What makes an international CEO?
A good CEO is responsible for determining the company’s strategy, customers and culture. For the internationalising business, it is important that this person also has the wisdom to understand that what works at home, may not be the answer overseas. For example, in New Zealand you might design, make and distribute your product, but to gain a significant share of a larger overseas market you might specialise in just one of these fields.
It’s up to the CEO to visit the market and decide how you will market, distribute and price yourself.
In short, a CEO of a business that is about to head overseas needs to:
- be outwardly focused (market-centric, not product-centric)
- be prepared to travel to / live in the target country
- have experience of building a successful business in New Zealand
- have (preferably) experience of exporting to world markets
- be prepared to delegate some control in New Zealand while they focus on target markets.
Get your team behind your plan
Once your CEO has done the ground-work – identified a market, visited the country, devised a strategy etc - the next step is to communicate the plan with your organisation.
A common mistake is to be secretive about your export strategy. Be open. You need every member of your team on board. Your leadership group will plan the work; it is your team who will work the plan.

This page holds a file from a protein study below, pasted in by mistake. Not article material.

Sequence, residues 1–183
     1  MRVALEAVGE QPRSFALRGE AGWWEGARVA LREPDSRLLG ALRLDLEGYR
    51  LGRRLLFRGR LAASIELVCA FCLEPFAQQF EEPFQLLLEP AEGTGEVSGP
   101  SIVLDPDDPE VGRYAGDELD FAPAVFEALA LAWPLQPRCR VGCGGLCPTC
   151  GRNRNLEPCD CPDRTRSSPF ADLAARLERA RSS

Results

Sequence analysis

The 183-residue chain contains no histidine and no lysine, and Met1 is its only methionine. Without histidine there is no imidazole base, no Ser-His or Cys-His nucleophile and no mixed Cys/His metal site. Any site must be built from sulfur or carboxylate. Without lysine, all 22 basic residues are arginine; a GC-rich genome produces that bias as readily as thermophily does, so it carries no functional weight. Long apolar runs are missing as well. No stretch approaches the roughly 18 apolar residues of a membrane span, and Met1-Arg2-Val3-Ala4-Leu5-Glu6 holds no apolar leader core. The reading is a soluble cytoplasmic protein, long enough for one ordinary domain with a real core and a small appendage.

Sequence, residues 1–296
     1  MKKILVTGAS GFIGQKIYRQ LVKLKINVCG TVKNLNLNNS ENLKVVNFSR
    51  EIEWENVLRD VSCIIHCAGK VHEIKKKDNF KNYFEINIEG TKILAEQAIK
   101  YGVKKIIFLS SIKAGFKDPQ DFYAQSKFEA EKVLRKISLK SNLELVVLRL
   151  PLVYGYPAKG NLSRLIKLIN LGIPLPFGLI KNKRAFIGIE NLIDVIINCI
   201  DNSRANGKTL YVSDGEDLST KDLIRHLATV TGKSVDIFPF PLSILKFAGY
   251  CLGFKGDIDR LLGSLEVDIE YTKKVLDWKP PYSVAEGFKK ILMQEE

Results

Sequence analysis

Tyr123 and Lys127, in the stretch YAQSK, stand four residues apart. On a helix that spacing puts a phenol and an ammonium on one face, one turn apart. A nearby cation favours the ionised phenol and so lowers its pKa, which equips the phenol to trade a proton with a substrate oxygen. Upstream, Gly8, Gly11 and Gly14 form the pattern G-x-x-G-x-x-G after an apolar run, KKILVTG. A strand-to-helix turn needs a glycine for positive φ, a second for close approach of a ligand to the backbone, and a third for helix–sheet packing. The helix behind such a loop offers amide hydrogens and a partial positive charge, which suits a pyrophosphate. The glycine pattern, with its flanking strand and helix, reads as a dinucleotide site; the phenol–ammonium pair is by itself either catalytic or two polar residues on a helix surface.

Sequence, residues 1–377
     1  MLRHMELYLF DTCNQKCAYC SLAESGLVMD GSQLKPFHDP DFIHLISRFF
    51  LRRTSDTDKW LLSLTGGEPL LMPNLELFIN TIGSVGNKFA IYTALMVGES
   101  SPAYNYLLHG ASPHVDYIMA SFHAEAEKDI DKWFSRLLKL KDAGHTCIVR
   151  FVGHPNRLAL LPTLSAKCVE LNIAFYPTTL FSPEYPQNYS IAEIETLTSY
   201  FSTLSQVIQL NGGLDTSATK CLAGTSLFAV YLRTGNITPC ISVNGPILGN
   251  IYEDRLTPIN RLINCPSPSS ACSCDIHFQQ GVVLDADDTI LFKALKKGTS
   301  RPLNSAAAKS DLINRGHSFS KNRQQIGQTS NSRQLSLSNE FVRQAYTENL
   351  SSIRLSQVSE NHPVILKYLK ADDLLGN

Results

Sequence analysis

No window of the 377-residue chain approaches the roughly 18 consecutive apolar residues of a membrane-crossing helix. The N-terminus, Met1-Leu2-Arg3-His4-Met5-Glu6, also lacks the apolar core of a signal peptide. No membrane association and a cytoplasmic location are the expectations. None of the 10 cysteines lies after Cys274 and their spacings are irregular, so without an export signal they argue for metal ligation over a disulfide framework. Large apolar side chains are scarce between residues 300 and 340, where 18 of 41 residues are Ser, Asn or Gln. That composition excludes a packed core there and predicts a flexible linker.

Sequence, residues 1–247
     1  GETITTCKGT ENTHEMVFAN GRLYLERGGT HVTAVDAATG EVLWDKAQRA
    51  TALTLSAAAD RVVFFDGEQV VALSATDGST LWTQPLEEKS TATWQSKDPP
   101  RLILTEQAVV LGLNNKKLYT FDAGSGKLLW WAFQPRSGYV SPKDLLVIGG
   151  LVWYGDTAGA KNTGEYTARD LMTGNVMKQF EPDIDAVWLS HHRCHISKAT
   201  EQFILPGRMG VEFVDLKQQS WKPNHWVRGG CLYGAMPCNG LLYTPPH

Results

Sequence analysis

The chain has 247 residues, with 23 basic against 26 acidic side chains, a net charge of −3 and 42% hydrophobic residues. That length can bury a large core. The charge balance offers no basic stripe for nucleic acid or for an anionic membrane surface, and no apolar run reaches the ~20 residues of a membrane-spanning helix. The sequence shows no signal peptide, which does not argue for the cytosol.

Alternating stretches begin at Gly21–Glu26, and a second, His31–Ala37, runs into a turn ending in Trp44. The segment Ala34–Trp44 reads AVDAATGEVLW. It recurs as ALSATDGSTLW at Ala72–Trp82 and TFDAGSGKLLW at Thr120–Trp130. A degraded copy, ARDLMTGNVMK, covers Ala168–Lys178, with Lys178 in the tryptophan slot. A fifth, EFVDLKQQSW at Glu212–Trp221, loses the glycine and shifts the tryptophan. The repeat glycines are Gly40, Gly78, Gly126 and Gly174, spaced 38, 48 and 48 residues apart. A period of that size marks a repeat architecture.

Make sure you have robust metrics in place to measure how you’re tracking against your strategy. It will inevitably be necessary to make adjustments along the way.
- Communicate export strategies clearly across the business.
- Plan the work first, then work the plan.
- Implement robust metrics (measurables) to check you’re on track.
Good governance = strong decisions
A good Board will help you make the toughest decisions faced by your business, eg when to hire someone, how to distribute product, how much money to divert into marketing to new markets etc.
There are many experienced business leaders in New Zealand who are looking to give something back to the country’s economy (and you may also like to consider potential Board members who operate in the market you’re targeting). You may need to enlist professional help to find the perfect fit, and if you find someone but can’t afford them, consider holding Board meetings less often (eg quarterly) or offering small amounts of equity as payment.
Here are some things to think about when you design your Board.
- Look for diversity of skills and experience.
- Be creative about payment options.
- Consider using a specialist to help you find the right fit.
- Consider overseas candidates who will provide valuable insider knowledge.